1. Not finding help here? Sign up for a free 30min tutor trial with Chegg Tutors
    Dismiss Notice
Dismiss Notice
Join Physics Forums Today!
The friendliest, high quality science and math community on the planet! Everyone who loves science is here!

How to find the cell voltage of this circuit?

  1. Jan 13, 2017 #1
    1. The problem statement, all variables and given/known data
    ws3VciU.png

    Find the cell voltage, the current at the 15 OHM resistor is 2A.

    2. Relevant equations
    How would I solve to find the cell voltage?

    3. The attempt at a solution
    I tried to find the voltage of the top part of the circuit but I just cannot remember how you would do that or if it would even result in the solution.
     
  2. jcsd
  3. Jan 13, 2017 #2

    cnh1995

    User Avatar
    Homework Helper

    Do you know Ohm's law? Are you familiar with series and parallel connections? Using the given information, what is the voltage across the 15 ohm resistor?
     
  4. Jan 13, 2017 #3
    Yes I am familiar with it, the voltage is 30V.
     
  5. Jan 13, 2017 #4
    Just take it step by step....
    If you know the current in the 15 ohm, this will give you the current in the 10 ohm ... from this the current in the 14 ohm ... hence the voltage across all three ... which is the voltage across the 3,4 and 4 ohm ....and so on ...
     
  6. Jan 13, 2017 #5

    cnh1995

    User Avatar
    Homework Helper

    Right. So, what is the current through the 10 ohm resistor?
    Using that, you can find the voltage across the the network containing 14 ohm, 10 ohm and 15 ohm resistors.
    Also, you need to simplify the network of 3 ohm and 4 ohm resistors in order to find the current through it.
     
  7. Jan 13, 2017 #6
    The current at 10 ohms would be 3A, I had figured this part out. What I can't figure out is how I would simplify and find the current through the 3 and 4 resistors. The current at 14 OHMS should be 5A?
     
  8. Jan 13, 2017 #7

    cnh1995

    User Avatar
    Homework Helper

    Yes. So, what is the voltage across the 14, 10 and 15 ohm network?
    What is the voltage across the 3, 4 and 4 ohm network?
    Current through the network would be equal to voltage across the network/equivalent resistance of the network.
    What is the equivalent resistance of the 3,4 and 4 ohm network? Can you simplify it using series-parallel reduction technique?
     
  9. Jan 13, 2017 #8
    I don't know how to find the voltage across the 3, 4 and 4 ohm network.
    The equivalent resistance of 3,4 and 4 ohms should be 5 ohms?
     
  10. Jan 13, 2017 #9

    cnh1995

    User Avatar
    Homework Helper

    Yes.
     
  11. Jan 13, 2017 #10
    Okay so the voltage at the 14 OHMS should be 70V (V=IR) 70=(14)(5). From what I know, 3 OHMS and 14 OHMS are parallel so they'll have the same voltage? Therefore 70/3 should be 23.3A, that's the total current across the 3,4 and 4 ohm network? So 23.3A + 5A = 28.3A. Next to find the total cell voltage I do V=(28.3)(9) which equals to 255V. Now something in my work there is wrong as the correct answer in my textbook is 225V. I've tried to figure out what I did incorrect but I just can't seem to put a finger on it. It's now 4am and i've been on this single question for over an hour.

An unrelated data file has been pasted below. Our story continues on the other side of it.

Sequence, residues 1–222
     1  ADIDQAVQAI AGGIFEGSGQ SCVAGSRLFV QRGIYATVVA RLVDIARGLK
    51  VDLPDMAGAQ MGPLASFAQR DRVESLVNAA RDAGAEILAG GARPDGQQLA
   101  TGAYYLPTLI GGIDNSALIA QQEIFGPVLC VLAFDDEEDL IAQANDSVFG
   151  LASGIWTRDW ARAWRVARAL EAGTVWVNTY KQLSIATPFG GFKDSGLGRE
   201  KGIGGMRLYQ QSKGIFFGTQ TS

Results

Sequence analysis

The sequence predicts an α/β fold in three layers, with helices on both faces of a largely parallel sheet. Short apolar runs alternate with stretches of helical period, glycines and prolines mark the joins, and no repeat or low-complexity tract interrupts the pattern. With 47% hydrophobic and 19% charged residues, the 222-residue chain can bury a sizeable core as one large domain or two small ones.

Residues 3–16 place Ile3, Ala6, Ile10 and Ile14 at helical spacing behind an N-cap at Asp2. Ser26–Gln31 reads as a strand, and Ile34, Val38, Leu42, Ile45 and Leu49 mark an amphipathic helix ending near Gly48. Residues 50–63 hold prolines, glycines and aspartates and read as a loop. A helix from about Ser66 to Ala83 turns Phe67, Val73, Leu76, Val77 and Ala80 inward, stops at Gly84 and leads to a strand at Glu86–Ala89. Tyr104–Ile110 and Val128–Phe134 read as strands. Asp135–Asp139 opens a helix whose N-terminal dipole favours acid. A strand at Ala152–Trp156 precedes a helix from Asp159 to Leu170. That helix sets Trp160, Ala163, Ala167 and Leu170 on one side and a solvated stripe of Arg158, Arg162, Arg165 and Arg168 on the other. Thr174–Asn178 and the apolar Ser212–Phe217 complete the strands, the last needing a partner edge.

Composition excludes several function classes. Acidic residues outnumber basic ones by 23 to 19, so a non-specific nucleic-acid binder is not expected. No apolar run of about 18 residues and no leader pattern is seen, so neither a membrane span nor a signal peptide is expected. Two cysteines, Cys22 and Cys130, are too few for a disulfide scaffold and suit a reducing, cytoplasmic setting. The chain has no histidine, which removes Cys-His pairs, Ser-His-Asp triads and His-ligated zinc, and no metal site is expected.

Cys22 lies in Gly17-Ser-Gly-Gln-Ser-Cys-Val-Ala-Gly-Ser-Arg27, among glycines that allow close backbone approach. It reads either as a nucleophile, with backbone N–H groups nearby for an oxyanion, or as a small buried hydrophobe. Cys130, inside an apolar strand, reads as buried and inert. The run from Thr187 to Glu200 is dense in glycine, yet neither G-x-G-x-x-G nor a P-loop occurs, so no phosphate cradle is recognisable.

12. Jan 13, 2017 #11

    cnh1995

    User Avatar
    Homework Helper

    They are not.
    Right. So what is the voltage across the "entire network of 14, 10 and 15 ohm resistors"?
    That will also be the voltage across the "entire network" of 3, 3 and 4 ohm resistors since these two "networks" are in parallel and not individual resistors.
    I am getting the same answer.
     
  13. Jan 13, 2017 #12
    Shouldn't the voltage across that entire network be equal to 70V as well?
     
  14. Jan 13, 2017 #13

    cnh1995

    User Avatar
    Homework Helper

    What about the voltage across the 15 ohm resistor you calculated earlier?
     
  15. Jan 13, 2017 #14
    70+30=100 Is it 100V?
     
  16. Jan 13, 2017 #15

    cnh1995

    User Avatar
    Homework Helper

    Yes.
     
  17. Jan 13, 2017 #16
    I understand, I had previously thought that the 15 and 10 OHM resistor had the same voltage as 14 OHMS but I was wrong. I understand that you need to find the total resistance which is 100 across the whole network. Then you divide 100 on the bottom by 20 OHMS and the top network you divide the 100 by 5 ohms which gives you a total of 25A. V=(25)(9) --> V=225v

    Thank you so much for your help, you really helped me understand the concept I owe you one!
     
  18. Jan 13, 2017 #17

    cnh1995

    User Avatar
    Homework Helper

    Right.
    You can also solve it by inspection only. Current through the lower network is 5A and voltage across both the networks is 100V. Knowing the equivalent resistance of the upper network as 5 ohm, current through the upper network will be 100/5=20A.
    So, total current will be 25A which is nothing but the current through the 5 ohm resistor on the left. So, voltage across that 5 ohm resistor is 125V. So the cell voltage will be 125+100=225V.
    You are welcome!:smile:
     
Know someone interested in this topic? Share this thread via Reddit, Google+, Twitter, or Facebook

Have something to add?
Draft saved Draft deleted



Similar Discussions: How to find the cell voltage of this circuit?
  1. Finding voltages (Replies: 1)

Loading...